Then I went on to read a story about how to find the highest-rated memory care facilities in your area. Mom’s facility was not there. Other locations of it were but not the one she was in.

Then I reasoned that when I moved mom here she wasn’t anywhere near as bad as she became. When we agreed that assisted living was necessary, I half-looked into these other facilities that focused more on memory care but mom was already comfortable where she was and a number of people she knew had made a similar move from independent living to assisted living. I kept reading change isn’t good for those with dementia.

However, her transition into assisted living was not a good one. Two days after she moved there she fell, while with me, and fractured her pelvis. A two-week hospital stay was  followed by two-months in rehab. Two more short hospitalization followed later for bronchitis, and then her last hospital stay before going into hospice.

I think it’s time for me to make an appointment with Dr. R.

The long good-bye

It’s been a tough weekend.

I really never know what to expect day-to-day but it seems like Friday was the last time mom and I looked into each other’s eyes. She’s been sleeping the past two days but seems like yesterday she gave a faint up and down nod to me when I asked her a question.

D. came up from Houston Friday night and she and I, along with L. sat with mom Saturday. The girls visited for about an hour this morning as L. had to take D. back to the airport. It’s been hard on them. They were very close to their nana.

I hated for them to see her in this state but D. and L. said they basically said their good-byes to her last Saturday when she was alert and awake more and enjoyed seeing the pics of D. in some wedding dresses.

The hospice staff are nothing short of angels. The care and tenderness they continue to give mom and myself is unmatched.

My friends have been my rocks, calling, texting, sitting with me. Unfortunately, most of them have also lost their mothers as I am about to lose mine. My family, too, has been incredibly supportive – cousins emailing, texting and phoning me. My brother speaks to mom daily and we are both so, so grateful that he was here two weeks ago when mom was up and alert albeit in the hospital. I’m glad he has those memories.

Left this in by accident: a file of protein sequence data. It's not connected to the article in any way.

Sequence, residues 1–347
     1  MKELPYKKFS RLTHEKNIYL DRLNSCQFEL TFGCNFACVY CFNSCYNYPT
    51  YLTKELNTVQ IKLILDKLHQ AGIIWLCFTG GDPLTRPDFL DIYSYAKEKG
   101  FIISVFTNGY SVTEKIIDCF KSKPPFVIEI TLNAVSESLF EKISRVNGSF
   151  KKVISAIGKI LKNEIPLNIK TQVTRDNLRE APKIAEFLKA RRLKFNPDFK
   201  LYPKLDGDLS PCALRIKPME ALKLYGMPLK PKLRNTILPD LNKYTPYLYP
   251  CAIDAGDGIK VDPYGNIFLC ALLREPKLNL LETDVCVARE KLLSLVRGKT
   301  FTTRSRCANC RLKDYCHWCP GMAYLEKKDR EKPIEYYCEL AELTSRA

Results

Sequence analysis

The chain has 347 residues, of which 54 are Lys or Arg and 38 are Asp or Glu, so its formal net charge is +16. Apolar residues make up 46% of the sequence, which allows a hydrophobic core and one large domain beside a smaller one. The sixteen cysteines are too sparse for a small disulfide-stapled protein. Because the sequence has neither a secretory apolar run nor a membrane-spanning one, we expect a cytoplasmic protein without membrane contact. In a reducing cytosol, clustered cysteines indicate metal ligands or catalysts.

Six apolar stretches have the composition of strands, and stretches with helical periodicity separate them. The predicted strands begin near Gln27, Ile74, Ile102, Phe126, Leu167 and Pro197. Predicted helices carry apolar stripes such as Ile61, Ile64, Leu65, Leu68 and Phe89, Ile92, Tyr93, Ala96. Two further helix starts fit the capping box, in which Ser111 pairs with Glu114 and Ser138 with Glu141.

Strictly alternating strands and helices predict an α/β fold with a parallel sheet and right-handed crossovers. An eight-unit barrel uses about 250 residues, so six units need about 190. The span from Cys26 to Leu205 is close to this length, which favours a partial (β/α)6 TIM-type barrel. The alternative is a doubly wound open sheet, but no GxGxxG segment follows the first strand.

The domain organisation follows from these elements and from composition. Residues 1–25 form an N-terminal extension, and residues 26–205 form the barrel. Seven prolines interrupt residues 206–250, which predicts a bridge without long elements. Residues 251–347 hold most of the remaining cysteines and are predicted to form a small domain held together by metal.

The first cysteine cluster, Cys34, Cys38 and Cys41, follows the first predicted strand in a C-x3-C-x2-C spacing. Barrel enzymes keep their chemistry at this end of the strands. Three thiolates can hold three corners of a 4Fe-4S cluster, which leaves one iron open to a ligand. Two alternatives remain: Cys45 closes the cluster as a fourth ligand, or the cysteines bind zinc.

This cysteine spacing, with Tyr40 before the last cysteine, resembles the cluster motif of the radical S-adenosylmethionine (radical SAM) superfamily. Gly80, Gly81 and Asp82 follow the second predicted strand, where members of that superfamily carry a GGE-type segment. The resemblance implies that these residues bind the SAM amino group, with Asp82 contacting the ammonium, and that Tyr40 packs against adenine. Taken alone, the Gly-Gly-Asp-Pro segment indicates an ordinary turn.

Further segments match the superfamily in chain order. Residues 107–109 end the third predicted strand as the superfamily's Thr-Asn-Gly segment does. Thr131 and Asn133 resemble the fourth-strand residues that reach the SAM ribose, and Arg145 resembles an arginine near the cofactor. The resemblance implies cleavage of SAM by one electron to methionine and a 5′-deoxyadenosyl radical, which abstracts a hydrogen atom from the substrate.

J. came by this weekend too. I just hate for my kids to see their nana like this, but she looked very peaceful and comfortable.

I’ve been in touch with T daily. It’s so hard. He loves mom so much and I know it pains him so. I still play the song he recorded for her to listen to. T.’s concerned about me taking care of myself and not getting enough sleep or food. Sleeping has been so-so. I really don’t have much of an appetite and know I’ve lost some weight but that comes with the territory.

I have my highs and lows when I’m sitting with mom, looking at her. I never thought I’d ever see her like this. Even though she can’t respond to me I can still talk to her, tell her how much I love her, caress her hands and face and  put my face next to hers and hug her. That has been a big comfort for me.

I know she is showing signs of getting near the end and it is really just too unbearable to think of.

I love you, mom.

Mental Fatigue

I’m mentally exhausted.

I’ve been concerned about mom since her return to Assisted Living and her ability to do certain things on her own from what I’ve seen. There has definitely been some cognitive decline and this naturally concerns me.

Mom has had episodes of low oxygen levels that naturally cause her to get a little dizzy but to also lose leg strength, where her legs just buckle under her. This happened to her last week during PT and on Saturday when we were out, and required her to be on O2 for the rest of the day and night. She was better on Sunday.

I had a lengthy talk with Dr. K. this morning about these things and other concerns. She’s requested her current meds since the hospital changed doses on some of her BP meds to get her pressure under control. And any change in meds or the introduction of new ones can definitely have an effect on someone’s fragile physiological state like mom’s. She’s also ordering more regular breathing treatments.

Dr. K. agreed that it’s still too early to tell anything definitely since mom is still undergoing a recovery phase from her most recent hosp/rehab stay, but there has definitely been a cognitive decline in her functioning. In fact, for mom, every three days back in her normal environment is the equivalent of one day for a “normal” person, so this is going to be a long recovery phase. Dr. K. also agreed and recommended that mom get some assistance during this period. It might even be indefinite, which wouldn’t surprise me.

Thankfully, Dr. K walks on water for mom and she can do or say no wrong. When I told mom about getting a companion to help assist her in the morning and at bedtime, she kind of grunted. But when I said that Dr. K. strongly recommended it, mom said, “OK.”

I also spoke to AL’s activities director to talk about encouraging mom to get involved in some of their programs and as a relatively new resident, to just do a little more hand holding while she acclimates to yet another new environment. She was sympathetic and receptive.

We’ll see how things go and hope for the best.

Stop the world – I want to get off!

The title of this 1961 play, later adapted for film in 1966, is pretty much how I’ve felt lately. Again.

Like the circus backdrop of this production, I feel like I’m running around in a 3-ring circus – between work, mom, my bucket list, holiday anticipation, etc., etc., etc.

When does it end?

Mom got discharged from the hospital yesterday and back in rehab where she got a celebrity welcome. It was sweet and the nurses and aides swooped in to give mom a hug. She’s not thrilled with having to share a room and is on a wait list for a private.She still has a bit of congestion and having breathing treatments four times a day. I’m hoping she won’t have to stay there for more than two weeks.